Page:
[0055] In another embodiment, machine learning comprises convolutional neural networks.

BRIEF DESCRIPTION OF THE DRAWINGS AND FIGURES

[0056] FIG. 1 is a schematic view of a steerable catheter system used for instillation of liquid into the lung of the patient.

[0057] FIGS. 2A-2D show a schematic and photographic views of a steerable catheter device.

[0058] FIGS. 3 A-3B show a schematic and photographic views of an imaging system.

[0059] FIGS. 4A-4D show a schematic and photographic views of optical probes and bright- field and fluorescent images obtained using the probes. [0060] FIGS. 5A-5D show a schematic and photographic views of an image-guided steerable catheter integrated into a navigation control system.

[0061] FIG. 6 shows continuous detection and tracking of a target.

[0062] FIG. 7 shows a schematic of a steerable catheter-navigation system supported on a robotic arm.

[0063] FIG. 8 shows testing of the steerable catheter device prototype using explanted pig lungs.

[0064] FIG. 9 shows a schematic view of drug administration to multiple target lung regions using multiple autonomously driven drug delivery catheters.

[0065] FIGS. 10A-10D show aspects of a three dimensional printing system useful for preparing guide members of a steerable catheter.

[0066] FIGS. 11 A-11C show schematic and photographic view of three dimensional printing of wire-guide disks that generate deflection movement of the catheter distal tip.

[0067] FIGS. 12A-12C show three dimensional printed wire-guide disks.

[0068] FIGS. 13A-13D show a schematic overview of liquid film deposition by plug instillation.

[0069] FIGS. 14A-14C show a schematic overview of cells and particulates deposited onto a tubular surface by liquid plug instillation.

[0070] FIGS. 15A-15D show charts of the parameters involved in deposition of particles onto a tubular surface by liquid plug instillation.

[0071] FIG. 16 shows images of liquid film deposition in rat upper airways by instillation of a liquid plug through the rat trachea.

[0072] FIG. 17 shows images of liquid film deposition in selected regions of a rat lung.

[0073] FIG. 18 shows images of liquid film deposition in alveoli of a rat lung.

[0074] FIGS. 19A-19B show flow charts of maneuvering a steerable catheter using feature- based image registration and visual servo control methods. [0075] FIG. 20 shows schematic and photographic views of autonomous catheter navigation assisted with computer-vision based pattern recognition algorithm.

[0076] FIG. 21 shows images of extraction of airway features using edge detection methods.

[0077] FIG. 22 shows images of pattern recognition demonstration using a feature matching algorithm.

[0078] FIGS. 23A-23B show flow charts of maneuvering steerable catheter using machine learning and visual servo control algorithms.

[0079] FIG. 24 shows generation of airway classifier using machine learning algorithms.

[0080] FIG. 25 shows use of airway classifier on unknown airways using machine learning algorithms.

[0081] FIGS. 26A-26D show localization of airway centers.

[0082] FIG. 27 shows catheter pose maneuvering using visual servoing technique.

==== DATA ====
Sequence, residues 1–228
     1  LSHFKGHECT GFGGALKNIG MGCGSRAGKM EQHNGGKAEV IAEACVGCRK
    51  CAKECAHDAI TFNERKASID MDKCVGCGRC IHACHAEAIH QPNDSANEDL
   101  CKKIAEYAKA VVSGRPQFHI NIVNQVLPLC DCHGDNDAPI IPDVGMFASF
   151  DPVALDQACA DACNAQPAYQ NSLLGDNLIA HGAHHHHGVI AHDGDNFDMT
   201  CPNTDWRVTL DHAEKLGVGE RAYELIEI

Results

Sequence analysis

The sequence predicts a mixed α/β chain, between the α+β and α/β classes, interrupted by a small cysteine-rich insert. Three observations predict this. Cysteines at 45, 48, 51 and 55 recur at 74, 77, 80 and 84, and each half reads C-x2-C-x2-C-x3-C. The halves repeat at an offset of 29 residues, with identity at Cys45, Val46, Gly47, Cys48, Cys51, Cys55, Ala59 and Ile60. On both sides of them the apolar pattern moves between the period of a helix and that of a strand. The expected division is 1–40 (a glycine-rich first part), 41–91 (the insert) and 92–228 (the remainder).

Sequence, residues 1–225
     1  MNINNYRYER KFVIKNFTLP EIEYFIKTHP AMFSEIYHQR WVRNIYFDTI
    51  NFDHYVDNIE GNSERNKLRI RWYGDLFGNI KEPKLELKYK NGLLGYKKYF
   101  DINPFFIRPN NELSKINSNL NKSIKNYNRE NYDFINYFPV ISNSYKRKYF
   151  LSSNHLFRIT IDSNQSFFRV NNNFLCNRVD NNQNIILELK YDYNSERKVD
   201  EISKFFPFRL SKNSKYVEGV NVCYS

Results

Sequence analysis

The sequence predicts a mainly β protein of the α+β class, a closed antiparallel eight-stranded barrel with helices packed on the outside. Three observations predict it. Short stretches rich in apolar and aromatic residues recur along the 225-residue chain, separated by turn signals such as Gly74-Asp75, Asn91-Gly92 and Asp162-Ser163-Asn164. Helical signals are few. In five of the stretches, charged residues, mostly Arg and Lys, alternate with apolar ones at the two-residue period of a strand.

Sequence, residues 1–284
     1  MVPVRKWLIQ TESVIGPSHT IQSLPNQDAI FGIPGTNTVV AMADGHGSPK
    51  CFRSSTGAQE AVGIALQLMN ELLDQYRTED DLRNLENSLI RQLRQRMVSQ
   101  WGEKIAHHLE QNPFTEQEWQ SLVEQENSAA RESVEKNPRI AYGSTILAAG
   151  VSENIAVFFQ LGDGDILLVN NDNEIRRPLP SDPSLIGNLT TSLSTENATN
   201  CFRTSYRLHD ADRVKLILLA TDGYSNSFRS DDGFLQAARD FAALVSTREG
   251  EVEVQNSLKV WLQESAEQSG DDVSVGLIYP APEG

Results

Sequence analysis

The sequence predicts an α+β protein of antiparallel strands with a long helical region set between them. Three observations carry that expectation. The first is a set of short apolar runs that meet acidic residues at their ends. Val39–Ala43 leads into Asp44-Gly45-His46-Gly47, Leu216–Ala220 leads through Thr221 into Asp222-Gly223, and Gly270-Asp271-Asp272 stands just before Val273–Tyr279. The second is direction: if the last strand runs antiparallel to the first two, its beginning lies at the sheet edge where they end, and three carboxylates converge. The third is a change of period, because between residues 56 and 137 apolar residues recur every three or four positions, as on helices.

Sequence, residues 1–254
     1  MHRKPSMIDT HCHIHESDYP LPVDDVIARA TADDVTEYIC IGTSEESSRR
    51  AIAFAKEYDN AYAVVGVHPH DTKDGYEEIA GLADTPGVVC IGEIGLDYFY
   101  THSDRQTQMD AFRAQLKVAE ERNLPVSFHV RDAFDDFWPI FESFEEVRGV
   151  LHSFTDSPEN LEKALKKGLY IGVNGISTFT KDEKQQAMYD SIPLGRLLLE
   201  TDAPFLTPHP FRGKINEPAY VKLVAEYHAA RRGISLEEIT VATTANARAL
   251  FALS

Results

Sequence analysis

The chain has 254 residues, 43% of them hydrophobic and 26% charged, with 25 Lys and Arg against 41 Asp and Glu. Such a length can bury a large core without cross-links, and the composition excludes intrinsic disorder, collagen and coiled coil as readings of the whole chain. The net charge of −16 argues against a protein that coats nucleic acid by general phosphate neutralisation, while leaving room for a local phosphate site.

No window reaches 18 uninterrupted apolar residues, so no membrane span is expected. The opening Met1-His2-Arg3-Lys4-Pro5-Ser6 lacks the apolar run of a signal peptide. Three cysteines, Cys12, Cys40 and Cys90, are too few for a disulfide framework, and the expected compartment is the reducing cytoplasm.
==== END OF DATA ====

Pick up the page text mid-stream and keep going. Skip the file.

[0083] FIGS. 28A-28C show target airway detection and tracking via machine learning technology.

[0084] FIG. 29 shows identification of target and nontarget airways in real time using machine learning.

[0085] FIG. 30 shows detection of airways during navigation.

DETAILED DESCRIPTION OF THE DISCLOSED SUBJECT MATTER

[0086] While methods, systems and devices are described herein by way of examples and embodiments, those skilled in the art recognize that the methods, systems and devices for automated and targeted drug delivery in the lung are not limited to the embodiments or drawings described. It should be understood that the drawings and description are not intended to be limited to the particular form disclosed. Rather, the intention is to cover all modifications, equivalents and alternatives falling within the spirit and scope of the appended claims. Any headings used herein are for organizational purposes only and are not meant to limit the scope of the description or the claims. As used herein, the word "may" is used in a permissive sense (i.e., meaning having the potential to) rather than the mandatory sense (i.e., meaning must). Similarly, the words "include," "including," and "includes" mean including, but not limited to.

[0087] The basic components of one embodiment of a steerable catheter are described herein. As used in the description, the terms "top," "bottom," "above," "below," "over," "under," "above," "beneath," "on top," "underneath," "up," "down," "upper," "lower," "front," "rear," "back," "forward," "backward" and "left," "right" refer to the objects referenced when in the orientation illustrated in the drawings, which orientation is not necessary for using the devices or achieving the methods described herein.

[0088] The ability to deliver drugs to specific sites in the lung with high spatial precision could radically improve therapeutic outcomes of a variety of lung diseases, including cystic fibrosis, severe bronchopneumonia, chronic obstructive pulmonary disease, and lung cancer. Using conventional methods for pulmonary drug administration, precise, localized delivery of exact doses of drugs to target regions remains challenging.